Deep Interpretation and Analysis by Humans and Machines

Course code:
Period 2
Language of tuition:
Faculteit der Geesteswetenschappen
dr. A.S. Fokkens
dr. A.S. Fokkens
drs. E. Maks
dr. L.M. Aroyo
prof. dr. P.T.J.M. Vossen
dr. A.S. Fokkens
T. Caselli
Teaching method(s):
Lecture, Seminar

Course objective

In this course, students will learn about the process of identifying and
annotation information in historic and contemporaneous texts such as
novels, lyrics, letters, news paper articles, movie scripts, blogs and
other other social media texts using manual and automatic methods. They
will learn the implications for the theoretical models and concepts they
are familiar with in their own discipline. Students will choose their
own texts and annotate them interdisciplinary using different tools and
methods. They will apply expert and crowd annotations, develop
code-books and compare the results. Finally, they will use a
machine-learning program for analyzing text and reflect on the
performance of the automatic annotation. We will focus on high-level
semantic annotations of, for example, (historic) events, entities and
emotions that are of interest to a broader range of humanities and
social and computer science students. They will present their findings
in a research paper.

Course content

This module addresses the human and automatic annotation of humanities
sources and data. Annotations make information that is implicit in data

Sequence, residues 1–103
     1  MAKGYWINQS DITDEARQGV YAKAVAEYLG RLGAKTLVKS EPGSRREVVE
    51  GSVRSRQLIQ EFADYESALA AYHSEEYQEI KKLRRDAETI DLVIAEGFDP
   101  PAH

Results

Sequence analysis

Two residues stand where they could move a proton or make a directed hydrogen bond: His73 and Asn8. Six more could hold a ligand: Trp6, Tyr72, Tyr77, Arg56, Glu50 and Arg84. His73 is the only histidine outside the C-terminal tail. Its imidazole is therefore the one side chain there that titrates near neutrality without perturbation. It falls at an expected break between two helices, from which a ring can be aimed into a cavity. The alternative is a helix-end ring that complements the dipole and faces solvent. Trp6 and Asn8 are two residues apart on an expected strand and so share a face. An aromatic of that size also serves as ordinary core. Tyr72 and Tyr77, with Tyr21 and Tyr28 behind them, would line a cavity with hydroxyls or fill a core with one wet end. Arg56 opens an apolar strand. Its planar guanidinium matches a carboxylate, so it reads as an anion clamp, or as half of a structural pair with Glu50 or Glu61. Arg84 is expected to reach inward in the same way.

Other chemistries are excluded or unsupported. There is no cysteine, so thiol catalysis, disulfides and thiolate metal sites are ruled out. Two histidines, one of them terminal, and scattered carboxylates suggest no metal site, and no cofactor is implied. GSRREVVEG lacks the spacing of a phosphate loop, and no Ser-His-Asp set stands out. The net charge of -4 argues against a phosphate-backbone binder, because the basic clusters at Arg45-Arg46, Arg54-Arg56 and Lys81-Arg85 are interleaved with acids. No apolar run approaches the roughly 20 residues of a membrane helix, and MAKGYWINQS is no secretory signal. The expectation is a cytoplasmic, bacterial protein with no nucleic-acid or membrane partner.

explicit allowing researchers to search their data systematically. This
kind of research forces humanities researchers to represent their
interpretation of sources in a data structure. Computer science students
will learn about how text mining technologies can be applied in
Humanities and Social Sciences. Annotation requires the use of some type
of interpretation model and it results in an analysis that can be
compared across annotators. As such, annotation can be seen as an
important step towards the formalization of humanities as a discipline.
The degree to which annotators agree or disagree (the so-called Inter
Annotator Agreement) tells us something about the eproducibility of the
interpretation process, the matureness of theoretical notions and the
criteria used to apply them to real data. Different backgrounds of
annotators will lead to different types of annotations. Linguists,
(cultural- )historians, social-scientists, literature-scientists will
consider sources and data differently and consequently come to different
annotations of the same source/data. The same holds for experts and
non-experts. The former are traditionally involved in assigning metadata
to sources, the latter do the same in crowd-sourcing initiatives.
Finally, annotated data can be used to train machines to do the same.
How does this work? Can a machine do better than humans? How do you
evaluate this?

Form of tuition

Lectures (2 hrs per week) and work groups (2hrs per week)

Type of assessment

Presentations and intermediate assignments (20%) Final Paper (80%). The
final paper must have a passing grade on its own. Presentations and
intermediate assignment may be compensated by the final paper.

Course reading

Course reader

Recommended background knowledge

Recommended (but not required) background knowledge: minor course 2:
From Object to Data

Target audience

Students of the UvA & VU faculty of Humanities and Social Sciences, as
well as students of Informatics (UvA) and Computer Science (VU)


This module is taught at the VU. Module registration at the VU is

© Copyright VU University Amsterdam
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